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National Dairy Council Encourages Milk Consumption

Calcium Summit II Addresses Calcium Deficiency Among America's Youth
Experts strategize new solutions to reach and teach America's youth.
WASHINGTON, DC - January 17, 2002 - Hundreds of nutritionists, government officials and educators as well as many of the country's leading researchers gathered to develop an action plan to address a critical health concern facing children and adolescents: calcium deficiency. The goal is to encourage increased milk and dairy consumption among today's children and adolescents. Government data indicates that calcium intake remains dangerously low in the diets of children and adolescents. Poor eating patterns are partly to blame for this shortfall, with over-consumption of low nutrient foods and under-consumption of nutrient-rich foods such as milk, according to Mark Jacobson, M.D., professor of pediatrics and epidemiology at Albert Einstein College of Medicine and Schneider Children's Hospital and also one of the Calcium Summit II speakers. The problem is particularly troubling for teens: nearly nine out of 10 girls and seven out of 10 boys fail to meet current calcium recommendation's (1,300 mg per day for ages 9-18 years). Calcium Summit II, jointly sponsored by the National Dairy Council, Milk Processor Education Program and American College of Nutrition, highlighted research, which indicates that calcium consumed during adolescence may be one of the single most important factors determining a child's future risk of osteoporosis. New study reveals that milk is a nutrient dense and cost effective choice for school meals.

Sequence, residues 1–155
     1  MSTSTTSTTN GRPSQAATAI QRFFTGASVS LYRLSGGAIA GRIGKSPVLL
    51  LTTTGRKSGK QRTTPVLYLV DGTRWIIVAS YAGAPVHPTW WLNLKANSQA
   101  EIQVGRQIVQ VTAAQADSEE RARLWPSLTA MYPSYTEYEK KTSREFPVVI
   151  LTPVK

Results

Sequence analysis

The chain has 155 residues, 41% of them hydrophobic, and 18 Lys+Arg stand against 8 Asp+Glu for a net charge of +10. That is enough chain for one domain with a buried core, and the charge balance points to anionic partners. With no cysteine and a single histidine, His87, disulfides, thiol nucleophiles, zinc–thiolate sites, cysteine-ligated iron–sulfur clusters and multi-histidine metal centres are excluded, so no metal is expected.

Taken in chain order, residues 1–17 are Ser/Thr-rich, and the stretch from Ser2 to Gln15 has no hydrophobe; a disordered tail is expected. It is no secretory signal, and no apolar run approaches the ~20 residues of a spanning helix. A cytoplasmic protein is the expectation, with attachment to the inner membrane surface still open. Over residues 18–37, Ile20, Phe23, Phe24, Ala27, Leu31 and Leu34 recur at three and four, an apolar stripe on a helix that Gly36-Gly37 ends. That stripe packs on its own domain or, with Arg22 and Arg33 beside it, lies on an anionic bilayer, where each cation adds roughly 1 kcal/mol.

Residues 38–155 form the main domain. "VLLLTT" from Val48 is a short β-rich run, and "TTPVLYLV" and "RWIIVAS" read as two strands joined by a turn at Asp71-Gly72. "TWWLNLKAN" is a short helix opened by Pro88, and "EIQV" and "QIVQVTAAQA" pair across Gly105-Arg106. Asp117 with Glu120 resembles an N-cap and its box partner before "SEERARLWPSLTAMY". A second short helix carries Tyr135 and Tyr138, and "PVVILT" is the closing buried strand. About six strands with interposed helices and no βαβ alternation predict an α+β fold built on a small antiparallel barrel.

Rosemont, IL., December 10, 2001, Milk provides more calcium and protein per penny compared to any other foods served on school lunch menus, according to a study published in the Journal of the American Dietetic Association. Researchers at Kansas State University examined the nutrient contributions of five meal components of school lunches: an entree, milk, vegetable/fruits, grain/bread, and condiments, such as ketchup, mustard, or salad dressing. Nutrient analysis of the foods from two different elementary school districts was then compared to the protein per 100 calories and per penny, making milk a nutrient dense and cost effective component for school lunch.
True Foodservice Equipment Inc. is proud to announce that they have been selected to work in an ongoing Nationwide test program with Dairy Management Inc.
DMI is the marketing arm for American Dairy Association, the National Dairy Council and the US Dairy Export Council. The National School Food Association in Washington DC is also involved. Proper serving temperature is of the utmost concern to the Dairy Industry, and that is the reason they selected True. True is very proud to take an important role in this campaign to improve the overall health and safety of children.